While in silence over the two days, we were led through a variety of different types of meditations, from sitting, to lying, to walking. We did some light yoga, with the option of taking more advanced yoga classes during our breaks. The instructor would give us journaling prompts throughout, that were aligned with where we were in the silent reflection process. We were expected to keep that “connection to ourselves” throughout our break times through use of the gorgeous outdoor campus or variety of quiet rooms throughout the facility. Understanding that some may have to get on a device to check in with someone or something, she highly encouraged computers and phones to be put away for the weekend. She asked us to be mindful of what we’re reading. I CAN DO THIS, I thought.

And I did, but it was tough. My biggest challenge was not letting the “To-Do” list go wild in my brain, and having to bring my mind back to center. It’s rare that I take this time away from kids and work, so you can imagine everything going through my brain that I “need to do” as soon as that computer powered back up. I absolutely felt a void, caused by mindless habits I have formed. So many times throughout the weekend, I would look for my phone to check social media. Check the weather. See a photo of my kids (I cheated on that one). Look for my phone in my bag, only to realized I intentionally left it in the room. So many things that I do that are formed out of habits versus true intention. I confess, I did turn my phone on to make sure everyone was alright at home. And wanting to check only that, I’d mindlessly be looking for the email icon. On autopilot, without even thinking, I even responded to a quick text just by having it in my hand. WITHOUT EVEN INTENDING TO DO SO.


I was a bit surprised at the amazing food in the Dining Hall at Kripalu. Picture your college cafeteria. Without the curly fries and dessert station. Every day a selection of locally-sourced greens, salad fixings, legumes, fresh breads, whole grains and lean proteins would come out. All prepared by their super talented chef, who focuses on eating high quality foods to nourish while infusing traditional Eastern flavors. You didn’t find anything sweet in that buffet, with the exception of a naturally sweetened berry scone or fruit crisp.

So as you can imagine, when you have nothing to do, no where to go and no one to talk to, you live for those meal times. As our instructor would share before every meal, “Walk the perimeter of the buffet, and choose the things that you feel will most nourish you right now. EAT WITH INTENTION.”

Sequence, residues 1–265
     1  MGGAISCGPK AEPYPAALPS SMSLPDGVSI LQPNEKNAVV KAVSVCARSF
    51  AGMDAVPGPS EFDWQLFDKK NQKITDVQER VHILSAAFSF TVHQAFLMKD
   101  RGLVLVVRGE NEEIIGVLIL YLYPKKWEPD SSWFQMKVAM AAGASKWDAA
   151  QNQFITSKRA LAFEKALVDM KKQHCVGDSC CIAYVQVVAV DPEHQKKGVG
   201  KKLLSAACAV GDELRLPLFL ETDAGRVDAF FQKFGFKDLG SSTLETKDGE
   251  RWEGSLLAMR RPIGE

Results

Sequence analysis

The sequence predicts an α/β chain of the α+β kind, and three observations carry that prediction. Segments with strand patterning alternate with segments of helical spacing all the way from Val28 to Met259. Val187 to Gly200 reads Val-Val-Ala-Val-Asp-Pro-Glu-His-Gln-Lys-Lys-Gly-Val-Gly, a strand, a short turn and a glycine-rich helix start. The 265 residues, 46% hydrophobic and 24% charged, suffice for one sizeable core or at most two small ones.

At the conclusion of the retreat, we came out of our silence. In our last hour together, we did an activity where we shared bits of our experiences, and what we learned from our silence. This was a very emotional activity for many (myself included). The silence did just what the instructor said it would: it caused people to confront thoughts and feelings that they had been burying with busyness. Technology continued to be a HUGE theme, with most classmates mentioning the “freedom” they felt when they turned the phone off. And many mentioning how, specifically, they will take this learning back home.

And I bet you’re wondering what MY big revelation was, right? It’s kind of ironic. I went with the intention of getting some peace and quiet, and a short break from the craziness of home. I left with the intention of spending even more time with my rowdy clan. In that quiet space, it became crystal clear that I really do over commit. And that I constantly let work overflow into life. And that I will put devices away for certain periods of the day to focus on the monsters. I will be more present.

There is just so much power in human connection, a philosophy of Swami Kripalu which created the foundation for the Kripalu Center and teachings, and something I’ve always believed in. We live in a present day world where we must intentionally disconnect to become more connected. That will look different for each person. I chose to “check out” at Kripalu, an environment making it very easy to do so. I feel that each one of us can find our own way to quiet our minds, and reconnect with the world and people around us. I have dedicated to making a few small tweaks at home to accomplish this. That is, while I craft a plan to get to Kripalu’s 5 day silent retreat next year.

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Hi, I'm Ally.
Executive coach,
speaker, trainer and mindset shifter

Observing the declining state of mental health in a world of non-stop news, work-life overlap and distractions galore, Ally became committed to learning and sharing simple strategies, based on the research in the field of Positive Psychology, to help individuals and teams thrive.

Learn more

Ally Meyers is a certified executive coach  and speaker with workshops that translate the science of happiness into strategies to manage stress and increase resilience, productivity and well-being.